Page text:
For detailed techniques on how to prepare beef stew please click HERE.
Serves 6 to 8
Goulash is like the Merlot of beef stews – mellow, with sweet overtones. If your tastes run more toward Zinfandel, add a pinch of hot paprika or cayenne pepper for a more complex, spicy version. The flavor from the beef fat adds something to this stew, so don’t trim the meat to closely. I recommend removing external fat from the chuck roast but leaving internal fat alone unless it is excessively thick. Serve the stew over 1 pound of buttered egg noodles. Try tossing the noodles with 1 tablespoon of toasted caraway seeds for a distinctive and delicious flavor combination. (Caraway is a unusual and authentic touch.)
- 3 pounds beef chuck roast, trimmed and cut into 1-1/2-inch cubes
- Salt and ground black pepper
- 3 tablespoons vegetable oil or lard
- 3 medium-large onions, chopped coarse
- 6 medium garlic cloves, minced or pressed through a garlic press
- 5 tablespoons sweet paprika
- 1/4 cup unbleached all-purpose flour
- 3 cups low-sodium chicken broth
- 2 tablespoons tomato paste
- 2 bay leaves
- 1 teaspoon dried marjoram
- 1 large red bell pepper, cored, seeded, and chopped coarse
- 1 large green bell pepper, cored, seeded, and chopped coarse
- 1/2 cup sour cream
- 1/4 cup minced fresh parsley leaves
Adjust an oven rack to the lower-middle position and heat the oven to 300oF. Dry the beef thoroughly with paper towels, then season it generously with salt an pepper to taste. Heat 1 tablespoon of the oil in a large ovenproof Dutch oven over medium-high heat until shimmering. Add half of the meat so that the individual pieces are close together but not touching. Cook, not moving the pieces until the sides touching the pot are well browned, 2 to 3 minutes. Using tongs, turn each piece and continue cooking until most sides are well browned, about 5 minutes longer. Transfer the beef to a medium bowl, add another 1 tablespoon of the oil to the pot, and swirl to coat the pan bottom. Brown the remaining beef; transfer the meat to the bowl and set aside.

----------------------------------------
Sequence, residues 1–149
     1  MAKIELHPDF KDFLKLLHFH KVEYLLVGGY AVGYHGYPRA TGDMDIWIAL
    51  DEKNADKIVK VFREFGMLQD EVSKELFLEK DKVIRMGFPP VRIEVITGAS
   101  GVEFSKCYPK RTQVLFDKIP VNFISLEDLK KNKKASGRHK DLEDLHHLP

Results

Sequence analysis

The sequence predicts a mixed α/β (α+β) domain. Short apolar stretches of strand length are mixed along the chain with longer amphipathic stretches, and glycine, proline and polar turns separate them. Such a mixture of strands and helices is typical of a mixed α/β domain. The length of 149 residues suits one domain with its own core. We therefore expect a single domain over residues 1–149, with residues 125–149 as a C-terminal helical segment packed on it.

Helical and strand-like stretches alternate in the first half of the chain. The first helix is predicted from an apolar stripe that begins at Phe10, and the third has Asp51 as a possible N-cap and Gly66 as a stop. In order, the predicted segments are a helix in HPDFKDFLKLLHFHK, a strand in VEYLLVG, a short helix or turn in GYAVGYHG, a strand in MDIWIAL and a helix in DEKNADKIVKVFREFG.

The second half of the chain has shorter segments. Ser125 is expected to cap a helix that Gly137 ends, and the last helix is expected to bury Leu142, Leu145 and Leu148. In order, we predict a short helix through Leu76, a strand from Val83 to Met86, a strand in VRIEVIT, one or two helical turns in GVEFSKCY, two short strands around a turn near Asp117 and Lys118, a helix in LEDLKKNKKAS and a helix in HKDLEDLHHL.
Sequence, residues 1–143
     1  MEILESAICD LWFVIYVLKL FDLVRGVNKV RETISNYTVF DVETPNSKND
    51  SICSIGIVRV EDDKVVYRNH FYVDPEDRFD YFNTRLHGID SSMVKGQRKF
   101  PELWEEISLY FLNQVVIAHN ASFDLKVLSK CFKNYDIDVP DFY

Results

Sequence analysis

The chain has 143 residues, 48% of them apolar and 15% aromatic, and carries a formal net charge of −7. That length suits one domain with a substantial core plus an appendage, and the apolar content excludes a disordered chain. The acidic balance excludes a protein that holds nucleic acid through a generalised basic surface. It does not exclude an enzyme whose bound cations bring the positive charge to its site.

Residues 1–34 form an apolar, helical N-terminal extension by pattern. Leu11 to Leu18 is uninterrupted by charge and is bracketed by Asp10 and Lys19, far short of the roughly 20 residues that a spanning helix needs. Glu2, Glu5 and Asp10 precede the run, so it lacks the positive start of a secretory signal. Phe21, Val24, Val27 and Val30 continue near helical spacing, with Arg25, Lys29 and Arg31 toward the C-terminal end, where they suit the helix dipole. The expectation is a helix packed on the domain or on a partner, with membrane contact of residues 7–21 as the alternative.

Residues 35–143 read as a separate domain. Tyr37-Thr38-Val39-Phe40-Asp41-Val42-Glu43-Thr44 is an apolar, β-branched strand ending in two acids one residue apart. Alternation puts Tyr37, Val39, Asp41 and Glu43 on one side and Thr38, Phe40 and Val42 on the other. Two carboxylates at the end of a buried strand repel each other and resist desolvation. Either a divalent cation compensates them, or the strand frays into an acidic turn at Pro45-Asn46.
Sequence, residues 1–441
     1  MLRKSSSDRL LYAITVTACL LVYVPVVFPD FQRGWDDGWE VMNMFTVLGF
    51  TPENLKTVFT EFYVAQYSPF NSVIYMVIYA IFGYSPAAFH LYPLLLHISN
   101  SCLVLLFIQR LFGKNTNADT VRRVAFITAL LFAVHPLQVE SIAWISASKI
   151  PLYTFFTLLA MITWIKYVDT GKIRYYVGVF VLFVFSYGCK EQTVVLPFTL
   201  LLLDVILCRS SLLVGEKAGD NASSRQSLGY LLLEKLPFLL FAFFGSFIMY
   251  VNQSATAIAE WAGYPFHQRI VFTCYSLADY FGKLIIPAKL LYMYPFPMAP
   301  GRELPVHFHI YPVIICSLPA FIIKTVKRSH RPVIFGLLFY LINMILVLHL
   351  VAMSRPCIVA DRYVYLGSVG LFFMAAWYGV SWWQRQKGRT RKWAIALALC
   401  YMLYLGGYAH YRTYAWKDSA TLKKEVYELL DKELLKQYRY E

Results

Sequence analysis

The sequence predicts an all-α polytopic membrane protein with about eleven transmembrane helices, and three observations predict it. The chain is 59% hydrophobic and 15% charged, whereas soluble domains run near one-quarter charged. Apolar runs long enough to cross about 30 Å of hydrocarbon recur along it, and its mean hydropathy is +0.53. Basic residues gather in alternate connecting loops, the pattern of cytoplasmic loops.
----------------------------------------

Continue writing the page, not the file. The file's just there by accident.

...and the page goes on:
Reduce the heat to medium, add the remaining 1 tablespoon oil to the now empty Dutch oven, and swirl to coat the bottom of the pan. Add the onions and 1/4 teaspoon salt. Cook, stirring frequently and vigorously, scraping the pot bottom with a wooden spoon to loosen the browned bits, until the onions have softened and browned, about 8 minutes. Stir in the garlic and cook until fragrant, about 30 seconds. Add the paprika and flour and stir until the onions are evenly coated and fragrant, 1 to 2 minutes.
Stir in 1-1/2 cups of the broth, scraping the pot bottom with a wooden spoon to loosen the remaining browned bits and stirring until the flour is incorporated and the liquid thickened. Gradually add the remaining 1-1/2 cups broth, stirring constantly and scraping the pan edges to dissolve the flour. Stir in the tomato paste, bay leaves, marjoram, and 3/4 teaspoon salt. Add the browned beef and accumulated juices, stir to blend and submerge the meat under the liquid. Increase the heat to medium, bring to a simmer, cover the pot, and place it in the oven. Cook for 1 hour and 20 minutes.
Remove the pot from the oven and stir in the red and green peppers. Cover and return the pot to the oven. Cook until the meat is just tender, about 40 minutes. Remove the pot from the oven. If serving immediately, spoon off the fat that rises to the top. (The stew can be covered and refrigerated for up to 3 days. Spoon off the congealed fat and bring the stew back to a simmer over medium-low heat.)
Place the sour cream in a medium bowl and stir in about 1/2 cup of the hot stewing liquid. Stir the sour cream mixture back into the stew. Stir in the parsley, discard the bay leaves, and season with salt and pepper to taste. Serve immediately